The BlogHer08 Conference was touted as an opportunity to mingle and chat, and it was. And it was, to a point. During the early part of the Newbie party, I strolled from group to group asking about other bloggers and their blogs.We handed out and collected “Moo cards,” which are miniature business cards inscribed with our blog name.

Once the official conference began; however, things changed. Round tables were arranged around the ballroom to make it easier to talk to others at our tables and learn more about their lives; what it’s like to live in Vancouver, Canada, apparently one of the geek capitals of the world, or Alaska, with the challenges and pleasures of worldwide social networking. What about all these folks from Ohio? What about their families, their friends? What was important to them? Can I see joy or sorrow in their eyes, in their facial expressions, in how they wave their hands and point their fingers while telling a story? What makes them laugh? What do they feel strongly about? How hard was it to leave children or their jobs or their homes to travel all this way to attend this conference?

Guess I’ll have to read their blogs. The round tables, usually so conducive to group discussion, were instead electronic carousels of laptop lids. Instead of faces, I was greeted by Dell, Apple and HP logos. Where you would expect to see the open glance of a stranger welcoming your approach (“Good morning,” etc) there was just downward stares at glowing computer monitors. If the participants weren’t tapping at their computer keyboards, they were texting on their phones, eyes flicking from one gadget to another to stay in touch with their own network instead of the one gathering around them.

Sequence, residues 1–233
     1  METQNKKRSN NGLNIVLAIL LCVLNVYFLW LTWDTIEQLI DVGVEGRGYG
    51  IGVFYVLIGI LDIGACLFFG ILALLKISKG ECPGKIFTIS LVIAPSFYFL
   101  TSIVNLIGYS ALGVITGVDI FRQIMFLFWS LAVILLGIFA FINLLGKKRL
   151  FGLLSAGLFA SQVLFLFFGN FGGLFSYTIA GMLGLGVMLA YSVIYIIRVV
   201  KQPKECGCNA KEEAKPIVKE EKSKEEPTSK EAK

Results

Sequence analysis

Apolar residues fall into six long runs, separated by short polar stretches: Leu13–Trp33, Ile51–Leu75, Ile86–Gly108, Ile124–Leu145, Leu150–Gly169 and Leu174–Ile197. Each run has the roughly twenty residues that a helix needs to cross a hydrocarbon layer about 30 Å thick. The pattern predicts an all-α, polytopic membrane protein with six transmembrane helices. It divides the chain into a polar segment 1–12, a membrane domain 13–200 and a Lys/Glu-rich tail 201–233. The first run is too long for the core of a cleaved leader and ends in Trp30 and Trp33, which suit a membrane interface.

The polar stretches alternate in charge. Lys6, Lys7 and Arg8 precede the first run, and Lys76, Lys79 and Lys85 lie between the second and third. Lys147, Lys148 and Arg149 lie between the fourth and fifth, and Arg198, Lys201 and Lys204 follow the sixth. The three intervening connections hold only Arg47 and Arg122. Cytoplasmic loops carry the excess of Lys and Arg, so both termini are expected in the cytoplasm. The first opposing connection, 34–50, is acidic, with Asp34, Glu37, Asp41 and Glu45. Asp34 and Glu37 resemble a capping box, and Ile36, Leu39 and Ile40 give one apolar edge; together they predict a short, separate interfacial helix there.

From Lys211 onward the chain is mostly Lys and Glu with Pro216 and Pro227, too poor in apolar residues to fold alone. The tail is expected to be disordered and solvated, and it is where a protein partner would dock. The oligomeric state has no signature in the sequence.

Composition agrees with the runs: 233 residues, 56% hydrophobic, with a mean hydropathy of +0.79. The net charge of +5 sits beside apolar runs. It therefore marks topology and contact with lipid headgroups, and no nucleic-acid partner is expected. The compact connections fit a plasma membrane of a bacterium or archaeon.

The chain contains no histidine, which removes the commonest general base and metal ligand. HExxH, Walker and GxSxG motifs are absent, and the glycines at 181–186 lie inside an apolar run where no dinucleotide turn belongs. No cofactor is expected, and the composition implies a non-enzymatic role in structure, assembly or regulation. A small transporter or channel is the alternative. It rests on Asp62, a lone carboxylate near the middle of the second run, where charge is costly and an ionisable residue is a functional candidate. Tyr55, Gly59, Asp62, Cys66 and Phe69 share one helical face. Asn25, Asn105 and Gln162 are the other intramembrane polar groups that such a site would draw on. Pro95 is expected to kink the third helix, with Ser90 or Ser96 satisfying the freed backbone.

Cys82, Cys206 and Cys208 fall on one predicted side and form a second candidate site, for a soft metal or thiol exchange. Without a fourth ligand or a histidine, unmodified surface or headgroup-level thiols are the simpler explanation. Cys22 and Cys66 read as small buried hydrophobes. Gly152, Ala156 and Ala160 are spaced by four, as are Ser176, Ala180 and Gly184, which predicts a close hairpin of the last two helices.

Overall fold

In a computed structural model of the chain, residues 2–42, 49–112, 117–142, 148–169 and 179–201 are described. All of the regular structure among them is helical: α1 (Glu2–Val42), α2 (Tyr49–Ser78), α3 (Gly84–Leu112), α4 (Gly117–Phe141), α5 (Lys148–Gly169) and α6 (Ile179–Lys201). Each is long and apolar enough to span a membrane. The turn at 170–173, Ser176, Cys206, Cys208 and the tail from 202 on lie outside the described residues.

There were hellos here and there, brief flutters of conversation as computers booted up and Twitter screens appeared. But it seems social priorities bow toward electronic conversation over those held in “real time.”

Several other women of my age genre commented on this too. Maybe it’s a generational thing, we mused. I had my laptop with me too but was not planning on using it during the sessions, preferring my paper notebook and using the computer to organize my thoughts of the day later in my room. And I don’t have a cool phone.

On the other hand, this was a BLOGGER CONFERENCE so my expectations were probably off. But as much as I enjoyed myself and all that I learned about blogging, I am a teeny bit sad about it, to tell you the truth. I think I missed something, or someone.

Guess I’ll just blog about it.

This entry was posted in blgging, BlogHer, cool phone, expectations, generational, party, Twitter. Bookmark the permalink.

4 Responses to

  1. Lu says:

    you know, i would have liked to see more people leave their laptops and mingle more. i am so happy with all the people i did meet, but like you said, the laptops took away from the connection part of the conference.

  2. ga.farmwoman says:

    Hi,I saw your comment on Jan’s site and just had to check your site out too.The BlogHer Conference sounds like it was interesting.Enjoyed visiting with you.Pam

  3. RevMomVt says:

    Comfort zones can look like ice cream or a glass of wine or a shopping spree or even a computer screen.So glad you know the difference! The people connection is a keeper…but the glass of wine doesn’t hurt!Love, Cc(aka: RevMomVt)

  4. Kacey says:

    it was nice meeting you at the newbie mixer. That was the best place to meet people. The rest of the conference was kind of hit or miss for meeting people, wasn’t it? Or maybe I just got more and more tired as the days went on. I did have fun though!

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